Safdie Rabines Architects wanted to minimize the impact their beautiful structure would have on the natural environment, so they created an actual “bridge” that connects the two-person workspace to an adjacent house. Perched atop a canyon, the floor-to-ceiling glass doors create openness while providing a killer view of the San Diego area.


Image credit: Ole Hein and Poul Høilund D. Cruise

Stable Studio

Looking at one Denmark stable from the outside, you wouldn’t be able to tell that the space is a haven for artists. Copenhagen firm Svendborg Architects have built the workspace inside an existing stable, preserving the structural walls and roofline. One half of the gabled interior is fitted entirely with mirrors in order to reflect things into the studio via the skylights on the other side of the pitched roof. It’s a progressive way to transform an old farmhouse, respecting the surrounding environment.

Painting Studio

One artist’s studio looks like the house that Ikea built, and we approve. The brightly lit painting workspace contains a large storage area, its own workshop, a garage, and a garden shed. You’d never guess the sleek, modern studio was located in the burbs of Melbourne.

Carport Studio

Architects Edwards Moore designed this translucent fiberglass carport studio in Melbourne. The simple, lovely design has a clean façade, allowing it to seamlessly blend with the adjacent first floor, art deco-style apartment. The workspace features porthole windows, a shower/wet area, and canoe storage (jealous!), among other amenities.

Portland Studio

Dangermond Keane Architecture wanted to “capture and add warmth to the silver Oregon daylight,” which judging from episodes of Portlandia does seem to need a little sunny oomph. This Portland painter’s studio is a single-person structure, and the stylish design doesn’t detract from its intimacy.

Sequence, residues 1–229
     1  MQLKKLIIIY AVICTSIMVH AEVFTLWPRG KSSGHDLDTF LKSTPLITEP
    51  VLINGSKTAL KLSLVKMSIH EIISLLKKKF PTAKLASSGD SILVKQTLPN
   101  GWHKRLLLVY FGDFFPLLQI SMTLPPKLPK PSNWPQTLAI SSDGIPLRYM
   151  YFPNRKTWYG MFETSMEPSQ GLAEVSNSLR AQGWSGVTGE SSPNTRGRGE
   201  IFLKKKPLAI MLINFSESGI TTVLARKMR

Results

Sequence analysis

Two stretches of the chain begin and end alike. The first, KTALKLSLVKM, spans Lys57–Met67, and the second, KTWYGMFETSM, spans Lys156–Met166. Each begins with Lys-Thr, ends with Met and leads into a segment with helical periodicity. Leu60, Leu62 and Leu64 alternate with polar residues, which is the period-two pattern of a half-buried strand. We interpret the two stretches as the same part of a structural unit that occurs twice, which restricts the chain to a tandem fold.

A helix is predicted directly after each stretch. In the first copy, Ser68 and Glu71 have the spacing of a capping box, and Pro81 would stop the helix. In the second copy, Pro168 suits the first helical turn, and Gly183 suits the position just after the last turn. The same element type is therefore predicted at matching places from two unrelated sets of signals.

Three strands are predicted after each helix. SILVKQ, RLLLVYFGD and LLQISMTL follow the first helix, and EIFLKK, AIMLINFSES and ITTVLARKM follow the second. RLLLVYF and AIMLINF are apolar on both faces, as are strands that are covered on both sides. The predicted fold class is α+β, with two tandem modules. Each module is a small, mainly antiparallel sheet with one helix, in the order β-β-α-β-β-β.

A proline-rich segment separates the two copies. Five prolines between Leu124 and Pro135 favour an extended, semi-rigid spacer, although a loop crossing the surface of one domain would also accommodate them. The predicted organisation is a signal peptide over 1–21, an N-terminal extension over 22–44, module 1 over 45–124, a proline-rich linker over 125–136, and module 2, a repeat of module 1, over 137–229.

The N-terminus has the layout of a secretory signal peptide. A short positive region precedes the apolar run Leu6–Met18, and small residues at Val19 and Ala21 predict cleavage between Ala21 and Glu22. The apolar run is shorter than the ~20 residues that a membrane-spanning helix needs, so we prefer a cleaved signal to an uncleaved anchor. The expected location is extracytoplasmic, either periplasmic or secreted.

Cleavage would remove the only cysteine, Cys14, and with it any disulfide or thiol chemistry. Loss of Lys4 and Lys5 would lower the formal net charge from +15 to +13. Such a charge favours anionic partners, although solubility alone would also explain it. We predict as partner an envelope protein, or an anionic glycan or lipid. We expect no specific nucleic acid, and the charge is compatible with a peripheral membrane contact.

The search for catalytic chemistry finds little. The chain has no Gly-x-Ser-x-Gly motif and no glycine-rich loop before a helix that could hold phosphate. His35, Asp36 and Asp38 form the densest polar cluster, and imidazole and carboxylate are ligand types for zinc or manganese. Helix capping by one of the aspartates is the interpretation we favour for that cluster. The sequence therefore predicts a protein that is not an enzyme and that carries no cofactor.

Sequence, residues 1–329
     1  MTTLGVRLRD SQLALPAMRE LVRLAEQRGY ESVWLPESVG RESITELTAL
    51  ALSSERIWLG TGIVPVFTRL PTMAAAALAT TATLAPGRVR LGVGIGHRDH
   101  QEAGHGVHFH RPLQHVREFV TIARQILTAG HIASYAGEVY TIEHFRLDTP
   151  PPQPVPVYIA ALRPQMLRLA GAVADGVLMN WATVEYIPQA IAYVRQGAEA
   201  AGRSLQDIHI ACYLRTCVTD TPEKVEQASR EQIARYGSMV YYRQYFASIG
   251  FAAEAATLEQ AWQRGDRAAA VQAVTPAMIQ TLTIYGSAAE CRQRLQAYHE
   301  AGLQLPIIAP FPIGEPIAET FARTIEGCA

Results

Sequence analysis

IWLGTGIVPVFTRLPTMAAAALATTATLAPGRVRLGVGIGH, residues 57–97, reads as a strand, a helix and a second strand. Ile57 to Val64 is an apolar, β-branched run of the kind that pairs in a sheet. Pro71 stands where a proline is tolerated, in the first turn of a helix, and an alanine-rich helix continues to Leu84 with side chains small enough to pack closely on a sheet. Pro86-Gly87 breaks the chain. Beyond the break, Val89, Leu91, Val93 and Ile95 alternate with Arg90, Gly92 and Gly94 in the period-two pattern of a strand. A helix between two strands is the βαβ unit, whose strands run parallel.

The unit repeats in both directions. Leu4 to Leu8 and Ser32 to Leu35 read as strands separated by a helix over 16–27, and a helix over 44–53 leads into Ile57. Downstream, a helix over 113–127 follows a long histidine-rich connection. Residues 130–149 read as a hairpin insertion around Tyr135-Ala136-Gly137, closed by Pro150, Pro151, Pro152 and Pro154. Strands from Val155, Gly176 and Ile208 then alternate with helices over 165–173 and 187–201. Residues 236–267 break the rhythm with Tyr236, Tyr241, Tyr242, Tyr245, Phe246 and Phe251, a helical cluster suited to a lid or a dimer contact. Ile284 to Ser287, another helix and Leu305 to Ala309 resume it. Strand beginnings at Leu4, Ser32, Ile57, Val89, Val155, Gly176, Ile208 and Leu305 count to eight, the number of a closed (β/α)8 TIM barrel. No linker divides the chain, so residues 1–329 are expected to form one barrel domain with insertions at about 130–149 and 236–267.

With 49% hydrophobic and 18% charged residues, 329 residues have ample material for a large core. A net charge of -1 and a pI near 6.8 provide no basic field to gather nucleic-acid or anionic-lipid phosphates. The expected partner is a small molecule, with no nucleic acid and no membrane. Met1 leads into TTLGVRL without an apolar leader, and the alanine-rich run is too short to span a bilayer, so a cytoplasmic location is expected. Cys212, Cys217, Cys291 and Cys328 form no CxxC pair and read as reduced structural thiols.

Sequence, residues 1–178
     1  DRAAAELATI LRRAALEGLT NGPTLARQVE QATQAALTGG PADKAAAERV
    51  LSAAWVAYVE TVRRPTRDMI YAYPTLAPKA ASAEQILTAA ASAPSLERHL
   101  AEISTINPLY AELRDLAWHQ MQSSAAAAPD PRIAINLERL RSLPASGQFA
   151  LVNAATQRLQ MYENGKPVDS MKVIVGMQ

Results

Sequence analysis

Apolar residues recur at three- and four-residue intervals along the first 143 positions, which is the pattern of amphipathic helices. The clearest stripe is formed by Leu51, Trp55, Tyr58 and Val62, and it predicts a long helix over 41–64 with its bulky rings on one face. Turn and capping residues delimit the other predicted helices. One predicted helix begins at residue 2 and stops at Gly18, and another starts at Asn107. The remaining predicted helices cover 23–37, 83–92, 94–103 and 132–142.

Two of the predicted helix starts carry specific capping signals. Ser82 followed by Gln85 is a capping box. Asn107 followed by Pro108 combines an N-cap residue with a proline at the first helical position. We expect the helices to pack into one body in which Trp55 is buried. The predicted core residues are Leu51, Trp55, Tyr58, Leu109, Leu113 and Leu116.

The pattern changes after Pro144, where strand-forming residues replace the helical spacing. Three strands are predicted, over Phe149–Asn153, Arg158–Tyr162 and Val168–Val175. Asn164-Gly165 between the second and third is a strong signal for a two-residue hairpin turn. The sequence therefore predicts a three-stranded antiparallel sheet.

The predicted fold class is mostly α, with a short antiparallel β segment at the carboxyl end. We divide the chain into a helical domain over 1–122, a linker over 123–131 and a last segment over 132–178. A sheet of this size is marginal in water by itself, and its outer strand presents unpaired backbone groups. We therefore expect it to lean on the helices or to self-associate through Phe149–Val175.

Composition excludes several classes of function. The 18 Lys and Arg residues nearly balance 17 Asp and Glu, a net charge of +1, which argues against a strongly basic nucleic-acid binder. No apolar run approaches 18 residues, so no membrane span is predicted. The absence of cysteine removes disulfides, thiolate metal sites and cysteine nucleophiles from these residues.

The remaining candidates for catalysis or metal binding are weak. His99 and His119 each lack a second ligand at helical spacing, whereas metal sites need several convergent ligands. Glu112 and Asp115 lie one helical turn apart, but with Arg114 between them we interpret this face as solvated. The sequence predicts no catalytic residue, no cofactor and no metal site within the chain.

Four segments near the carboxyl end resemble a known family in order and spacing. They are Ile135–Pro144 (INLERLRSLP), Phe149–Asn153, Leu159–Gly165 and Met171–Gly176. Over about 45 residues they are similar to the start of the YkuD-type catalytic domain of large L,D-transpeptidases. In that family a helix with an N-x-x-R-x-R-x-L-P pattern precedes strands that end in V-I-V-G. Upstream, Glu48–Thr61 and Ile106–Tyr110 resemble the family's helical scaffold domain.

Forest Studio

If you’ve ever dreamed about quietly working away in the middle of the forest like Snow White, then behold one New York artist’s studio surrounded by trees and silence. A transparent roof allows you to daydream while painting, and the interior design is minimal, putting the emphasis on your work.

Ivy Studio

This ivy-covered workspace looks like it sprouted in the garden on its own. It recently won an Honor Award from the American Society of Landscape Architects for its impressive marrying of organic and modern. The old garden shed was fitted with an exterior metal frame for the ivy to cling to, and the results are utterly charming.

No. 19 Studio

Kortknie Stuhlmacher Architecten of Rotterdam collaborated with artists BikvanderPol for a municipal art program in Utrecht. The mobile studio “doesn’t aim at being a piece of art in itself, but mainly offers a practical and affordable place to stay.” The massive structure maximizes space and function, allowing its inhabitants to divide the long interior however they please. Don’t worry, the behemoth structure is safe for transport and is permitted on public roads. We dig the studio’s dungeon-like trapdoor opening.

Ultra Modern Studio

Architects B+U, LLP’s art studio looks like it landed from outer space, but the ultra sleek and modern workspace is located in Los Angeles. On a hillside, the structure was built onto an existing single story house and is flexible enough to be easily transformed into a guesthouse (complete with wine cellar, jacuzzi, and more decks than any human being really needs). The curved steel might look out of place initially, but the firm explains their intent: